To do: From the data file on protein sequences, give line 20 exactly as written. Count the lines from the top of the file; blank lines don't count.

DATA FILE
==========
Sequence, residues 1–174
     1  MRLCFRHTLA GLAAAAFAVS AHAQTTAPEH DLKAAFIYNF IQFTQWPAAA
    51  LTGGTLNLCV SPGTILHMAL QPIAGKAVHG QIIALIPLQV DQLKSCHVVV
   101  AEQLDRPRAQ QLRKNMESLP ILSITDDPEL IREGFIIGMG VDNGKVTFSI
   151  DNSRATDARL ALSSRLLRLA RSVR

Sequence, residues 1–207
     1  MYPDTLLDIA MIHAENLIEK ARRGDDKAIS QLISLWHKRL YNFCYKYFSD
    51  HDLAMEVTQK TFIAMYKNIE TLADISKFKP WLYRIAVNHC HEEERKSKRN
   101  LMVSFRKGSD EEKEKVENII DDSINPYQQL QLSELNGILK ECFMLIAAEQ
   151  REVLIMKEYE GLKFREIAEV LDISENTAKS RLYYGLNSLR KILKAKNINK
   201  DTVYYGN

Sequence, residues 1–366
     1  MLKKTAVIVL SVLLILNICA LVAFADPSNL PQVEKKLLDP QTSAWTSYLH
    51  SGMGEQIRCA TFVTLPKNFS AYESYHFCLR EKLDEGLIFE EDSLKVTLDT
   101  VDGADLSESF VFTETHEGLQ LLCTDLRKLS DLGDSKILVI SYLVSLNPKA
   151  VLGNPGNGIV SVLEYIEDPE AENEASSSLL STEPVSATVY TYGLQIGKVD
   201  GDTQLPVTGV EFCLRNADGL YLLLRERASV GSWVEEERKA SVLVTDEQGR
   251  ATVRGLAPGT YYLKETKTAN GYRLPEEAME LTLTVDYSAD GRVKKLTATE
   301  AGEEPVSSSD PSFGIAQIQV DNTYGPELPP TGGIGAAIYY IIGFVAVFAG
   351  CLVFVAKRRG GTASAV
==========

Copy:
   351  CLVFVAKRRG GTASAV